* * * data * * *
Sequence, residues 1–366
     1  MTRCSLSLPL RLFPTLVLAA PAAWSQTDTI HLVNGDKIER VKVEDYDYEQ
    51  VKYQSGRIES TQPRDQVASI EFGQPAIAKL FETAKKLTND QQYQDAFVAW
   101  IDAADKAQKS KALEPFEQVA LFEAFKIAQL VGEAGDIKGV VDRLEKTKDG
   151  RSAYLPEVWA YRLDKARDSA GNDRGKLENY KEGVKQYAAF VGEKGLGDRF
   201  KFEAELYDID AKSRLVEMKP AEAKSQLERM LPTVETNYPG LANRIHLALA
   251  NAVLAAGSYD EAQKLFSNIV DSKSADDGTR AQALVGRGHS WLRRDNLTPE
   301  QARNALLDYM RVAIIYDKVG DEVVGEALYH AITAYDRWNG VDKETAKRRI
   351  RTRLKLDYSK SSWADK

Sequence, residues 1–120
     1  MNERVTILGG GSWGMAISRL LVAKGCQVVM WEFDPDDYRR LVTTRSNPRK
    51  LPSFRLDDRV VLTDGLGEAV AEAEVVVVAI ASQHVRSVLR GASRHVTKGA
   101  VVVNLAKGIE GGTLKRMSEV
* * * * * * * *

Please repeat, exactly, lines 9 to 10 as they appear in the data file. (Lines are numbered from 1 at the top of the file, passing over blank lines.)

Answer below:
   351  RTRLKLDYSK SSWADK

Sequence, residues 1–120